The past two days passed by like two hours. We arrived at Pier 94 for the contemporary wing of the Armory Show at 4 p.m. Wednesday, in advance of the opening. Before we could actually see much art we starting seeing out-of-towners, such as Beyeler Fondation director Sam Keller, who used to direct Art Basel and Art Basel Miami Beach.
We cruised the first few aisles, where galleries like Deitch Projects and Victoria Miro held court, while taking pictures of New York Magazine art critic Jerry Saltz, Swiss Institute director Gianni Jetzer, and others. We snagged artist Maurizio Catalan and New Museum curator Massimiliano Gioni for an amusing photo at Lombard-Freid Projects booth and then headed over to the VIP lounge for a coffee break.
There we ran into artists Brad McCallum and Jacqueline Tarry, Paul Miller aka DJ Spooky, and Richard Dupont, whose installation of doll-like, rubbery nude figures, cast in the artist’s likeness, and strewn across a platform held center stage. Someone insensitively referred to it later as the holocaust piece.
Strolling deeper into the fair, we caught Kenny Scharf at Paul Kasmin Gallery, taking a well-needed break from painting giant canvases outside the fair entrance. Scarf had installed Kasmin’s booth with paintings mounted on silkscreened walls, which made the space pop. Christine Hill was holding down her Armory Apothecary installation at Ronald Feldman Fine Art, dispensing remedies for contemporary ailments.
We finally got to see what Bob van Osrouw brought to the fair: a new suite of canvases by Anton Henning that were titled the Pink Period paintings. Lisson Gallery had three fantastic Anish Kapoor sculptures and nearby Kukje Gallery had another dynamic, reflective piece by the artist. Meanwhile Mickalene Thomas was well represented with paintings at Rhona Hoffman and Susanne Veilmetter and sculptures at Cerealart.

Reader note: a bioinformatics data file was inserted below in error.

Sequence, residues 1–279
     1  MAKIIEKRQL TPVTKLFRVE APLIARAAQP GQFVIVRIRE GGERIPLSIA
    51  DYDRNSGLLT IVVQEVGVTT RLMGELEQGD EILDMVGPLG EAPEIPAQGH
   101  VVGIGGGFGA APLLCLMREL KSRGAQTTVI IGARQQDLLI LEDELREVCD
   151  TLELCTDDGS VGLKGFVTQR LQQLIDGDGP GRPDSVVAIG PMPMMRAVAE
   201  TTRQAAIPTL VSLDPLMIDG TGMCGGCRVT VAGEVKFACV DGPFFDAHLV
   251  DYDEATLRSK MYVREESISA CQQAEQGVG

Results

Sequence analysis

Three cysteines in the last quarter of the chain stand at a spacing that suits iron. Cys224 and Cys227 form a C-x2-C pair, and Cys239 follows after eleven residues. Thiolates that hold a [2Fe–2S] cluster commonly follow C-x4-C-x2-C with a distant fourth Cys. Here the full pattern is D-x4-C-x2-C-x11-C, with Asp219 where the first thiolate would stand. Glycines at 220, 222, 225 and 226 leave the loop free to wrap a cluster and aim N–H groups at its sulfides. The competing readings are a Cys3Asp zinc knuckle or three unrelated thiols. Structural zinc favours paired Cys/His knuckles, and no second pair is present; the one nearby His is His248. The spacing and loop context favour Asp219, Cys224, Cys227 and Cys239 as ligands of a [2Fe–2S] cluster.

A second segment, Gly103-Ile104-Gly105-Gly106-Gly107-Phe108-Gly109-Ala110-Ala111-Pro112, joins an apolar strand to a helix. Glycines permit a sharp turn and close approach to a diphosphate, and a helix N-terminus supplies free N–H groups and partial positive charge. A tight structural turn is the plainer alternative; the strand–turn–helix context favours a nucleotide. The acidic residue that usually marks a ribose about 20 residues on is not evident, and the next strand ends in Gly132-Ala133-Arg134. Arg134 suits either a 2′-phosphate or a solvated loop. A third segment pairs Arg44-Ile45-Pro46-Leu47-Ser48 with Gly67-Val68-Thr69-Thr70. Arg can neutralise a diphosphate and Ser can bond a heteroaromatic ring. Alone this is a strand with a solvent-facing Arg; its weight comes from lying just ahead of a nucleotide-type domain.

After a buffet meal, a few glasses of champagne, and more conversation in the VIP lounge, we jumped on the shuttle bus for the after-party at MoMA (Flavorpill was a partner!), where we carried on until near midnight, listening to Gang Gang Dance and DJs. Forgetting that we had to rise early for viewings PULSE and VOLTA, we got lost in the moment.
Throwing in the towel on getting out the door early on Thursday morning we got some work done before heading midtown for a party in honor of Ewan Gibbs, who the Armory Show commissioned to create the visual identity for the 2009 fair, at the residence of the British consul-general. The views from the penthouse apartment were spectacular, as was some of the art and antiques that filled the rooms. We spoke with Judd Foundation director Barbara Hunt McLanahan about baby talk and British food and ran into independent curator Sally Wu, who said that she was a friend of the previous consul-general and that his taste in furniture had been more contemporary.
We had to dash before hearing Gibbs speak about making the work, which Armory Show director Katelijne De Backer later said was very moving. We jumped downtown to a cocktail party for Laurie Anderson at Location One and then to check out the REGIFT show that John Miller curated for the Swiss Institute, which was worth seeing for the Sophie Calle display case full of birthday gifts alone.
The last stop of the night turned out to be the place where we spent the most time: the Tribeca Grand Hotel, which was hosting the VOLTA after-party, a project by Noam Gonick & Luis Jacob, and a screening of films about imaginative architecture. While the party around the bar was as busy as Grand Central Station during rush hour, the Gonick & Jacobs installation, Wildflowers of Manitoba — a geodesic dome with a dread-locked performer resting on a mattress while burning incense and playing records was absolutely peaceful, an oasis from the furor of the fairs.